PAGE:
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TechLearn Day 1
Monday, November 15, 2004

Monday morning. 8:20 am at the Marriott Marquis. Elliott is opening the show. “How many of you are …?” Plug for the 190 organizations in the eLearning Consortium. Elliott is a New Yorker by birth; New York is not a big city; it’s a collection of neighborhoods.

What keeps you awake at night? What is your measure of performance? (Find a partner!)

Things that keep Elliott up at night?

Self-service at the airport: in a year, most people switched to it. Elliott claims to interview people (with a dummy microphone) when at the airport. About 5% say the self-service kiosk is the best thing that ever happened. Self service is a reality now. It is the future. Elliott figures the airline kiosk is transitional. In about a year, they’ll be cheap on eBay.

Form factors. iTunes. In the old days, we want out of our way to make eLearning like class. “Hello, student Elliott…” When was the last time you finished reading a web page? Remember Wayne’s talk yesterday: EVERY ONE LEARN. People get what they want and leave. We should celebrate this: they go tit and left. Bravo!

Elliott thinks that courses will go away. The average person in America does not work at a desk. He or she is on a tractor, in a truck, on the ranch… On mLearning, America is behind. For seven cents a day, a person in China can receive a chapter of a novel daily via phone, The conversation about the connected workplace is hot.

Many LMS’s are used as CMS’s (compliance measurement systems). They are cover-your-ass systems to track your honest effort.

Missionstatements.org: you can buy a mission statement for $10. They look good on the wall.

Credo-based management. It gets to be about our neighborhood’s values, not compliance. eLearnig can dirve the mission and credo of the organization become part of the conversation.

Elliott hates the term Subject Matter Expert. He will never say “SME” again. We are draining them. They are the largest drag on developing content. He will pay a dollar for each time he says SME. Photo: Elliott paying Lance Dublin for not one, but two, mentions of SME.

“I love content,” he says. “But context is easier to digest. You’ll remember what you learned in table groups, not the speech. I went around the expo yesterday and I did not see a single context manager.”

The metrics of learning are business metrics. (Glad to hear that Elliott’s reading my stuff.)

eLearning. The experiment is over and it was mildly successful. Experimentation is over. Implementation is here. Rapid development is the order of the day. We no longer have 18 weeks to develop new courses. These days 18 hours is more like it. One financial institution is shooting for 18 minutes. Learning at the speed of business. How can we operate at the same pace? Let’s stop re-inventing things like navigation; it’s as if USA Today started each morning asking, “How do we want the front page to look today?”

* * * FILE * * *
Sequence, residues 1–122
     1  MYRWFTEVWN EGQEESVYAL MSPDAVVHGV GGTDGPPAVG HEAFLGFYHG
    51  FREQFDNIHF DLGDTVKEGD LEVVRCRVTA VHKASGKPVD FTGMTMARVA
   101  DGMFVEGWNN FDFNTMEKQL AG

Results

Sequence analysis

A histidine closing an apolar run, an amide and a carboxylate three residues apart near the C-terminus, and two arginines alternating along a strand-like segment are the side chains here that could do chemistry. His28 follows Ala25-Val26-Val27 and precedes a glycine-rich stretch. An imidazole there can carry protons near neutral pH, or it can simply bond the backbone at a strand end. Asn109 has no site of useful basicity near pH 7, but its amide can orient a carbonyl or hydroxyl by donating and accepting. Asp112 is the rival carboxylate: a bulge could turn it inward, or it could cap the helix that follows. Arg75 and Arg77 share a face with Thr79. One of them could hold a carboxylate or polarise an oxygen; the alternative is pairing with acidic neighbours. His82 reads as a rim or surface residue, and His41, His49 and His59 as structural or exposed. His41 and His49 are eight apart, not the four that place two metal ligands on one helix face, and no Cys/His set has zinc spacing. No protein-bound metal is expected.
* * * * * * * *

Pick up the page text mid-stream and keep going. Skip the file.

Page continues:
The most critical decision you will make is what’s your scorecard? “We are looking at building the balanced scorecard for learning.” (I have talked with the inventor of the Balanced Scorecard about this very topic and am working on it at this very moment.) “I would love to have a dashboard that reports on employee confusion.”

“This will be my final year with TechLearn. I’m energized by what’s next. Your future is not in eLearning. eLearning is a delivery system. Your future is in making your organization strong, profitable, resilient, successful….”

Jason Fish tried to fill the big shoes. He tells us to visit the 65 vendors in the Expo. The crowd mumbles.

Lee Kraus of Advanstar just took the stage and announced that TechLearn 2005 will convene at the Bellagio in Vegas.

Tom Peters!

Walmart has 460 terabytes of data! (Twice as many bits as the internet.)

These are crazy times, and crazy times call for crazy people. Tom’s slides are at tompeters.com

Tom hates the word “best.” It implies there’s someone at the top. Later, he twice uses the word best.

Only the constant pursuit of innovation can ensure long-term success.

Not “out sourcing.” Do Best Sourcing.

Papa, what do you do? “Son, I’m overhead. I manage a cost center.”

Maybe it’s just me, but I’m finding Tom boring. I don’t think he prepared for this talk. The slides are mainly pages from his latest book. He doesn't seem to know what slides are coming next. He's running overtime. I've heard almost all of this stuff before. Tom is, I fear, over the hill. All histrionics and no content.

“Every time I pass a jailhouse or school, I feel sorry for the people inside.” Jimmy Breslin

“My kid’s on the Honor Roll.” All that means is he colored inside the lines.

The Bottleneck is at the Top of the Bottle.

Where are you likely to find people with the least diversity of experience, the largest investment in the past, and the greatest reverence for industry dogma?

Tom tried to return his MBA to Stanford after he saw his accounting prof on t.v., testifying as head of the audit committee of Enron and figured his five credits in accounting should be taken away.


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